Mast Cell Degranulating (MCD) peptide is a potent anti-inflammatory agent. At low concentrations, mediates the degranulation of mast cells thus evoking an inflammatory response. Also acts as a neurotoxin capable of blocking a class of voltage-gated potassium channels.


This peptide is a basic, 22 amino acid residue component of honey bee venom with striking immunological and pharmacological activities. Mast cell degranulating peptide was initially introduced as a histamine releaser, by B. Fredholm in 1966 1, 2.

Structural Characteristics

The calculated structure of MCD-peptide is close to that proposed earlier for the homologues peptide tertiapin and is confirmed by NMR and CD data. MCD peptide has two disulfide bridges. In this first structure-activity study of MCD peptide, three analogs were synthesized and tested: two analogs shortened by omitting sequences 6-10 and 8-13, respectively, and one analog lacking the disulfide bridge between cysteine residues 5 and 19. These analogs were synthesized by solid-phase methods and were compared to MCD peptide in two assays for inflammation: histamine release from mast cells and superoxide anion release from neutrophils. All three analogs produced histamine release, although with only about one fifth of the activity of MCD peptide. Superoxide anion-releasing activity, however, did not parallel histamine release. MCD peptide did not release superoxide anion, while the 6-10 and 8-13 deletion analogs were strong and weak stimulants, respectively, of this anion. CD spectra showed that the secondary structures of the three analogs were very similar to that of MCD peptide, so that a change in secondary structure cannot completely explain the changes in releasing activities. Charge differences between the two deletion analogs and MCD peptide may explain some of the differences in activity. This was the first demonstration that the various activities of MCD peptide can be separated, and provides a lead through which the purported antiinflammatory activity of MCD peptide may possibly be explored 3.

Mode of Action

MCD, well known for its ability to release histamin from mast cells, is a rather harmless compound peripherally. However, intra ventricular injection increased the toxicity of MCD by four orders of magnitude. This central toxicity is not related to mast cell degranulation but to the presence of high-affinity binding sites for MCD in the brain. Apamin, which is another bee venom peptide and a blocker of Ca2+-gated K channels, had no effect on the binding of DTX, MCD, or f3-BTX despite a partial sequence overlap with MCD (causes mast cell degranulation and histamine release at low concentrations and has anti-inflammatory activity at higher concentrations. Because of these unique immunologic properties, MCD peptide may serve as a useful tool for studying secretory mechanisms of inflammatory cells such as mast cells, basophils, and leukocytes, leading to the design of compounds with therapeutic potential 4,5,6.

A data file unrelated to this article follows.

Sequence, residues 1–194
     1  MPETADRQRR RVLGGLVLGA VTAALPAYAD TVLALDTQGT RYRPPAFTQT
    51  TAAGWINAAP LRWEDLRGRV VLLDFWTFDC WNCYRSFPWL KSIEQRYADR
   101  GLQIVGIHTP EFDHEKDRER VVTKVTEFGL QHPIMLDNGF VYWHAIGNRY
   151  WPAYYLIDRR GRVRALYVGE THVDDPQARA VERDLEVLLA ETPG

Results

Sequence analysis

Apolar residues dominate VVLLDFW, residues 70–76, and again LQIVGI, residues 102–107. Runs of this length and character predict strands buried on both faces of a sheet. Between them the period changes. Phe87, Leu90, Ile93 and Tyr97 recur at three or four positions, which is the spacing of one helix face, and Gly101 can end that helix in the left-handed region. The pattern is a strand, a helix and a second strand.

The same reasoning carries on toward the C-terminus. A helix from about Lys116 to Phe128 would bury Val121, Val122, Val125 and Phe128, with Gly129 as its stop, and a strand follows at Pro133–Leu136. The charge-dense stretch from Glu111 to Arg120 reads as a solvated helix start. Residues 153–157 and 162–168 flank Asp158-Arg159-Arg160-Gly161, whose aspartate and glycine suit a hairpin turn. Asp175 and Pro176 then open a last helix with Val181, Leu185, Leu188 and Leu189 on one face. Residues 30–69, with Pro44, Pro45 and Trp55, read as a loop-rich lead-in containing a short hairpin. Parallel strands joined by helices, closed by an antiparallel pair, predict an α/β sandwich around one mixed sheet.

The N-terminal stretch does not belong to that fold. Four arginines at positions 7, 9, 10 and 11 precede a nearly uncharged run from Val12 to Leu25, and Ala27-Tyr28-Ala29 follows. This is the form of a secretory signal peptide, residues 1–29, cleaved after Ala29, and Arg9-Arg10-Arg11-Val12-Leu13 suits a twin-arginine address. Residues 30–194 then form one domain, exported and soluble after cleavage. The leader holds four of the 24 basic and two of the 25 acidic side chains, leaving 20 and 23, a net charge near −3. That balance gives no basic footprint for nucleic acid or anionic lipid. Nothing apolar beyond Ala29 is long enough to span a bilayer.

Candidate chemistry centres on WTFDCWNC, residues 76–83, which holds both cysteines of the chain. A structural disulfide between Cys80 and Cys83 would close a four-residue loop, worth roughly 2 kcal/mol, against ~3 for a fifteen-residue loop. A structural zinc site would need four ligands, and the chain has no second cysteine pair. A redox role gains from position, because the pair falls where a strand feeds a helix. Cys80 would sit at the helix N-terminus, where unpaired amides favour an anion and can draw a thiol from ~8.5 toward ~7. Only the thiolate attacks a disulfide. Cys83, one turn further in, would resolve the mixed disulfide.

MCD produces in hippocampal slices LTP which is indistinguishable from that produced by a train of electrical stimulation (no change in postsynaptic cell properties, APV sensitive). In vivo push-pull experiments indicate that this LTP is not associated with a sustained enhancement of release of glutamate and aspartate, the two principle transmitters of the hippocampus, but there is a delayed enhanced release of proteins in the extracellular space which may contribute to the maintenance of the potentiation7.

MCD is also an epileptogenic neurotoxin, an avid blocker of the potassium channels and can cause a significant lowering of the blood pressure in rats. Some of the biological activities of MCD appear to have distinct mechanisms and may represent a good illustration of the structure-function relationship 8.Because of these unique immunologic properties, MCD peptide may serve as a useful tool for studying secretory mechanisms of inflammatory cells such as mast cells, basophils, and leukocytes, leading to the design of compounds with therapeutic potential 4.


1.     Fredholm B (1966). Studies on a mast cell degranulating factor in bee venom. Biochem. Phannacol., 15(12):2037-2043.

2.     Habermann E (1972). Bee and wasp venoms. Science., 177 (46):314-322.

3.     Buku A, Reibman J, Pistelli A, Blandina P, Gazis D (1992). Mast cell degranulating (MCD) peptide analogs with reduced ring structure. J Protein Chem., 11(3):275-280.

4.     Buku A (1999). Mast cell degranulating (MCD) peptide: a prototypic peptide in allergy and inflammation. Peptides., 20(3): 415-420.

5.     Moczdlowski  E, Lucchesi K, Ravindra A (1988). An emerging pharmacology of peptide toxins targeted against potassium channels.J Membr. Biol., 105 (2):95-111.

6.     Rehm H, Bidard JN, Schweitz H, Lazdunski M (1988). The receptor site for the bee venom mast cell degranulating peptide. Biochem., 27(6):1827-1832.

7.     Ben AY, Cherubini E, Aniksztejn L, Roisin MP, Charriaut-Marlangue C (1989). Mechanism of induction of long term potentiation by the mast cell degranulating peptide. Pharmacopsychiatry,. 22(2):107-110.

8.     Ziai MR, Russek S, Wang HC, Beer B, Blume AJ (1990). Mast cell degranulating peptide: a multi-functional neurotoxin. J Pharm Pharmacol., 42(7):457-461.

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